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There are many applications and tools that can help you block distracting websites and apps (such as social media) for specific periods of the day. Similarly, you can also use some mailing apps like Mailbrew to receive all the social media content or newsletters you don’t want to miss in your inbox at a time you decide.

So, no matter how long you work, take a break when you sense you’re losing steam or getting bored with the task. Generally, a 10-15 minute break should reinvigorate you for whatever’s coming next.

2. Get a Change of Scenery—Ideally, Outdoors

When it comes to increasing a person’s overall mental health, there’s no better balm than nature. Research has found that simply being outside can restore a person’s mind from mental fatigue related to work or studying, ultimately contributing to improved work performance (and even improved work satisfaction).[4]

No lush forest around? Urban nature can be just as effective to get the most out of your break-taking. Scientists Stephen R. Kellert and Edward O. Wilson, in their book The Biophilia Hypothesis, claimed that even parks, outdoor paths, and building designs that embrace “urban nature” can lend a sense of calm and inspiration, encouraging learning and alertness for workers.

3. Move Your Body

A change of scenery can do wonders for your attention span and ability to focus, but it’s even more beneficial if you pair it with physical movement to pump up that adrenaline of yours. Simply put, your body wasn’t designed to be seated the entire day. In fact, scientists now believe that extended periods of sitting are just as dangerous to health as smoking.[5]

It’s not always feasible to enjoy the benefits of a 30-minute brisk walk during your workday, especially since you’ll most likely have less energy during workdays. But the good news is, for productivity purposes, you don’t have to. Researchers found that just 10 minutes of exercise can boost your memory and attention span throughout the entire day.[6]

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So, instead of using your break to sit and read the news or scroll your social media account, get out of your chair and move your body. Take a quick walk around the block. Do some jumping jacks in your home office. Whatever you choose, you’ll likely find yourself with a sharper focus—and more drive to get things done.

4. Connect With Another Person

Social connection is one of the most important factors for resilience. When we’re in a relationship with other people, it’s easier to cope with stress—and in my experience, getting social can also help to improve focus after a work break.

One of my favorite ways to break after a 30-or-so minute sprint is to hang out with my family. And once a week, I carve out time to Skype my relatives back in Turkey. It’s amazing how a bit of levity and emotional connection can rev me up for the next work sprint.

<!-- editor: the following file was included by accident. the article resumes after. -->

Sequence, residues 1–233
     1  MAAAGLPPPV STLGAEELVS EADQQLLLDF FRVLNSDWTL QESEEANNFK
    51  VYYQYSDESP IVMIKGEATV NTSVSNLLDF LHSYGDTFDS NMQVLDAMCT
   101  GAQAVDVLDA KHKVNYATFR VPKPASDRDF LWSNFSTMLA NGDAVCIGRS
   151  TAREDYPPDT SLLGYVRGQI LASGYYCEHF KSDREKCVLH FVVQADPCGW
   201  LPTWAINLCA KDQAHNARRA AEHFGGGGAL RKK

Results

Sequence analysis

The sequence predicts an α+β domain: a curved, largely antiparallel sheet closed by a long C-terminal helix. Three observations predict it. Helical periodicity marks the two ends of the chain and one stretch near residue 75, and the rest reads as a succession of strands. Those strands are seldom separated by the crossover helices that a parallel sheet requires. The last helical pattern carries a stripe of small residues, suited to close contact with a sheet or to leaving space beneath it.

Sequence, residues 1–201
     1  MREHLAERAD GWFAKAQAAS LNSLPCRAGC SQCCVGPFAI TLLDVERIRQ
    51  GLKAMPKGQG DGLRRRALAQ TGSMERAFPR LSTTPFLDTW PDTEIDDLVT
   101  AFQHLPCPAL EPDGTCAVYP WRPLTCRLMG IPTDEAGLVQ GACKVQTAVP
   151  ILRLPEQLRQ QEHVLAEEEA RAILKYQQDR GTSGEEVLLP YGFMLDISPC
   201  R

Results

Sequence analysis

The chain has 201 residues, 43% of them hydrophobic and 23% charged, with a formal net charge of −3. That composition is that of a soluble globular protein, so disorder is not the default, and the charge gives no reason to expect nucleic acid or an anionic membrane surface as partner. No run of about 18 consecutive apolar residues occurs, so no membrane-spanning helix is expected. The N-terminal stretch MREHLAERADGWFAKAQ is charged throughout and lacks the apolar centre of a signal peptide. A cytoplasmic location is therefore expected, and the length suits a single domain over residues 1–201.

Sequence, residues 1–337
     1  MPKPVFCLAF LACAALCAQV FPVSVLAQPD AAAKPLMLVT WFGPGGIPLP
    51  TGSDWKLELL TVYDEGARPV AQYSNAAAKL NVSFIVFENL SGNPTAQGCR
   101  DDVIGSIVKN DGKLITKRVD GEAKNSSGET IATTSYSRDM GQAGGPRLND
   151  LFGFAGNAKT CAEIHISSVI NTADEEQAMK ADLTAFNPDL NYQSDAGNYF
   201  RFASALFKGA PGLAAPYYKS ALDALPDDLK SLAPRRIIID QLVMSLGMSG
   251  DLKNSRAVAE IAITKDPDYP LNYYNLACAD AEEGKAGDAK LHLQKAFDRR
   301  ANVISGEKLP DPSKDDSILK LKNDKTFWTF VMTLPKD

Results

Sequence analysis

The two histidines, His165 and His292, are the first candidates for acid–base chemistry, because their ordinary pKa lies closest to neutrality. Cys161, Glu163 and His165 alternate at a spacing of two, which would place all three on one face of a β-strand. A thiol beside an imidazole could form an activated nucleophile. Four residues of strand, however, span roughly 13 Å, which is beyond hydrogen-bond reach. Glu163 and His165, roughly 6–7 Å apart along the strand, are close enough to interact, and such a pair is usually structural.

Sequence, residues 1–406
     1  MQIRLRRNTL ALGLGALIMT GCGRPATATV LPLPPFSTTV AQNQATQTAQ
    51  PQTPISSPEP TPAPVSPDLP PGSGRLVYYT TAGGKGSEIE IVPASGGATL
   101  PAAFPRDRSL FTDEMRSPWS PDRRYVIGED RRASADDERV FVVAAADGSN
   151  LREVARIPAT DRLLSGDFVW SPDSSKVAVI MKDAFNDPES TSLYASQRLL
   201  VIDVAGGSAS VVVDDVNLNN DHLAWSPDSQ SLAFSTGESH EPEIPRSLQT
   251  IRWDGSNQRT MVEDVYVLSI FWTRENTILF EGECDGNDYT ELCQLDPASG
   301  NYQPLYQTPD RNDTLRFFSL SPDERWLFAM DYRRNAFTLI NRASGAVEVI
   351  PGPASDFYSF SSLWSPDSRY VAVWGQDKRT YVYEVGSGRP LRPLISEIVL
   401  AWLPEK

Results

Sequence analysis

Now that most of us are working from home, getting some face-to-face time with a loved one isn’t as hard as it once was. So, take the time to chat with your partner. Take your kids outside to run around the backyard. If you live alone, call a friend or relative. Either way, coming up for air to chat with someone who knows and cares about you will leave you feeling invigorated and inspired.

5. Use Your Imagination

When you’re working with your head down, your brain has an ongoing agenda: get things done, and do it well. That can be an effective method for productivity, but it only lasts so long—especially because checking things off your to-do list isn’t the only ingredient to success at work. You also need innovation.

That’s why I prioritize a “brain break” every day. When I feel my “cup” getting empty, I usually choose another creative activity to exercise my brain, like a Crossword puzzle, Sudoku, or an unrelated, creative project in my house.

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And when I’m really struggling to focus, I don’t do anything at all. Instead, I let my brain roam free for a bit, following my thoughts down whatever trail they lead me. As it turns out, there’s a scientific benefit to daydreaming. It reinforces creativity and helps you feel more engaged with the world, which will only benefit you in your work.[7]

Whether you help your kids with their distance learning homework, read an inspiring book, or just sit quietly to enjoy some fresh air, your brain will benefit from an opportunity to think and feel without an agenda. And, if you’re anything like me, you might just come up with your next great idea when you aren’t even trying.

Final Thoughts

Most of us have to work hard for our families and ourselves. And the current world we live in demands the highest level of productivity that we can offer. However, we also have to take a break once in a while. We are humans, after all.

Learning the art of properly taking a break will not only give you the rest you need but also increase your productivity in the long run.

More on the Importance of Taking a Break

Featured photo credit: Helena Lopes via unsplash.com